Greg Olsen Trade to Panthers Hardly a Reason for Angelo Bashing

Gene ChamberlainCorrespondent IJuly 29, 2011

Greg Olsen can't get to a pass against Green Bay in te NFC title game.
Greg Olsen can't get to a pass against Green Bay in te NFC title game.Andy Lyons/Getty Images

The arms are cocked and the stoning of Bears general manager Jerry Angelo is about to commence following the trade of tight end Greg Olsen to Carolina.

Mine is one arm which won't be least not for the loss of Olsen.

In four Bears seasons, Olsen showed he can catch a pass and sometimes gain yardage after the toss, provided no one touches him.

Last year, he had one catch longer than 25 yards until the playoff game-starting TD bomb he caught against Seattle.

For every big game Olsen had in Chicago, there was a game like the 2008 loss at Carolina when he lost two fumbles (caused by current Bears safety Chris Harris).

Olsen never really fit the true tight end mold as defined by Chicago tradition or even the NFL in general. Tight ends are supposed to gain tough yards after contact, like Mike Ditka.

Olsen usually went down with the first tackle attempt, as average catches between 10.6 and 9.9 yards in each of his four seasons indicate.

Each of the last three seasons at training camp I wrote about how Olsen thought he had improved as a blocker, his teammates (particularly tight end Desmond Clark) thought he had improved as a blocker, and how coaches thought he was now a better blocker. And each season his lack of blocking ability became an issue.

A scout very familiar with the Bears at one game last year laughed at my suggestion Olsen had become a better blocker. "Better than what? A wide receiver?" was his retort.

This was not a Chicago-tough tight end. In fact, the offense under Ron Turner actually seemed to flow better when Desmond Clark was the starting tight end.

The argument can be made that Olsen never got the chance to show what he really could do in Chicago because of the Bears' offensive scheme. Certainly Mike Martz doesn't know what to do with a tight end any more than he knows how to develop a running game.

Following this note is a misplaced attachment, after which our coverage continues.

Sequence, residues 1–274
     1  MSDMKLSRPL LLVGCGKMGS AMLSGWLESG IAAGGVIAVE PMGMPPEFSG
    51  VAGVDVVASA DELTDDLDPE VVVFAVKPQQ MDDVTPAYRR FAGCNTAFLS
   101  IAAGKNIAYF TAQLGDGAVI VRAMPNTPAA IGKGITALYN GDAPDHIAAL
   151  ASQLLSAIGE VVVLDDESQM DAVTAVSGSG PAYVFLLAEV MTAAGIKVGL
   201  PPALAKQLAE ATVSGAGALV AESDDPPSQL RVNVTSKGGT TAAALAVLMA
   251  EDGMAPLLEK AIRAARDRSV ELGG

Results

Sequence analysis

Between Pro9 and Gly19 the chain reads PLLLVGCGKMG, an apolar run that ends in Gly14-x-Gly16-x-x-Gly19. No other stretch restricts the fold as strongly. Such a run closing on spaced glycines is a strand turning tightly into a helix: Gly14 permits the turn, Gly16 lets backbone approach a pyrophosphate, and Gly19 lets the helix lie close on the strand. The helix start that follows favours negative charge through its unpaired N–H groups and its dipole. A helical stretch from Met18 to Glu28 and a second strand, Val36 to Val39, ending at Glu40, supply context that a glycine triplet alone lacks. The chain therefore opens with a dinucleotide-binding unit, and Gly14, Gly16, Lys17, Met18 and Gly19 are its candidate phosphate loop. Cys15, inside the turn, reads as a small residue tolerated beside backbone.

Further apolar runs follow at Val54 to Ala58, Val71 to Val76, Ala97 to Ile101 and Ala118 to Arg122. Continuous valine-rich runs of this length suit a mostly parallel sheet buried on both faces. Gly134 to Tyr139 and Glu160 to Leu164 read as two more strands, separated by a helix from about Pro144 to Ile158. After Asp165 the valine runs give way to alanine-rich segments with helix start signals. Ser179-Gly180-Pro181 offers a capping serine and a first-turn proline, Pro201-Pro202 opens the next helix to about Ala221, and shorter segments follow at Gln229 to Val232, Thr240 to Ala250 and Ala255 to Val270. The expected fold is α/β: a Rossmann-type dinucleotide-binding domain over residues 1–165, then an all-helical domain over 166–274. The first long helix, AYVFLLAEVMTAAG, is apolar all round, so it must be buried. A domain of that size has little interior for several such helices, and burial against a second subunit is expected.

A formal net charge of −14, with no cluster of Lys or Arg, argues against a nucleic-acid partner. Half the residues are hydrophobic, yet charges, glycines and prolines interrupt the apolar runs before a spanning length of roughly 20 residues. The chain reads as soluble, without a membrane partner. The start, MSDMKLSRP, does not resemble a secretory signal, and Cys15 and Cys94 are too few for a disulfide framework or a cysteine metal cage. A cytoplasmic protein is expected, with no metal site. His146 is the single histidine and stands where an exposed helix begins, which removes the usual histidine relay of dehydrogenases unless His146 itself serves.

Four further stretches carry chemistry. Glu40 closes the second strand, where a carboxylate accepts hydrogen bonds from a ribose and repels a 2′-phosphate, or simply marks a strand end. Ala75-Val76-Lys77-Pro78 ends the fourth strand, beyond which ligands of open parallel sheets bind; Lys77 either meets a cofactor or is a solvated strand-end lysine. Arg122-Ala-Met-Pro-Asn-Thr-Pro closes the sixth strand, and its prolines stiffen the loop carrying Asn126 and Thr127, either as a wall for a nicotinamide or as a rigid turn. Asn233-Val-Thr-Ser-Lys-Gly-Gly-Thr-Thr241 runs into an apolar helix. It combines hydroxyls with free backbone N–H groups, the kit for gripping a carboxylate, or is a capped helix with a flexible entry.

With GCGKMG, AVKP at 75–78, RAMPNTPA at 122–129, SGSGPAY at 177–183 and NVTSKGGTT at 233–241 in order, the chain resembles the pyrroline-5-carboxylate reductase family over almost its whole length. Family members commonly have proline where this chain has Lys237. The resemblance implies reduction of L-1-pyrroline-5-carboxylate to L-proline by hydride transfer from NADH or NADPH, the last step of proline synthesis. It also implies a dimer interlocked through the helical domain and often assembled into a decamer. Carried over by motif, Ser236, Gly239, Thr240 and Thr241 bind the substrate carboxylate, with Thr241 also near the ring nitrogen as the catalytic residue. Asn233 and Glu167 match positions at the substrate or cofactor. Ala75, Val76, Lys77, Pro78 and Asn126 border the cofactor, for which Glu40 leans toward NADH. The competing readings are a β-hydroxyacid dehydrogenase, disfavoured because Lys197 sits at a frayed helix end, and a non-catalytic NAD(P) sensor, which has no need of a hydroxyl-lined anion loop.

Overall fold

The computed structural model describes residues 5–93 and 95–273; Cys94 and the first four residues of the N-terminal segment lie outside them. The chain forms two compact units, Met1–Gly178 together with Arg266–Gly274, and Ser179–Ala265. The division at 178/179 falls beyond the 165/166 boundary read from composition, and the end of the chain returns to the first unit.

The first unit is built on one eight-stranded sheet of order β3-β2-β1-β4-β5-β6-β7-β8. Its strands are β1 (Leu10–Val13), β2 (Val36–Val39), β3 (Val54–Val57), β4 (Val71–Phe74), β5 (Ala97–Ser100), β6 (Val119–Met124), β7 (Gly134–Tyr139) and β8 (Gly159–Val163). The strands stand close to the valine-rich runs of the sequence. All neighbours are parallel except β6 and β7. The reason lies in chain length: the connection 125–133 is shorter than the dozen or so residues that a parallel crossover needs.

However, the West Coast attack former coordinator Ron Turner used was made for a tight end like Olsen. And although he caught 153 passes in three seasons in this attack, Olsen never really rocked opposing defenses the way top tight ends like Jason Witten, Todd Heap, Antonio Gates or Jermichael Finley have.

Olsen had a reputation for being a good red zone receiver. Yet only two teams had worse scoring percentages in the red zone than the Bears last year with Olsen. So what can they lose by dealing him?

It's hard to believe that the offense can be worse scoring points in the red zone with Matt Spaeth blocking near the goal line.

A year ago the Bears couldn't get a second-round pick from the Patriots when Olsen was available, so they kept him.

So they got an extra season out of him, got a third-rounder for him, and avoided paying out a lot of money (cash which can now be spent for Matt Forte's new deal) on a player they showed they can't use and who hasn't really impressed anyone as being special.

Oh, Olsen will probably go on and make a ton of catches for a 4-12 or 3-13 Carolina team this season because they'll be trailing and throwing every down. Maybe he'll even come back to haunt the Bears in Soldier Field when the Panthers come to Chicago Oct. 2.

More likely, he'll get many catches on plays that end after he's hit once.

No great loss.

Save all those stones for when Angelo fails to fortify the offensive line.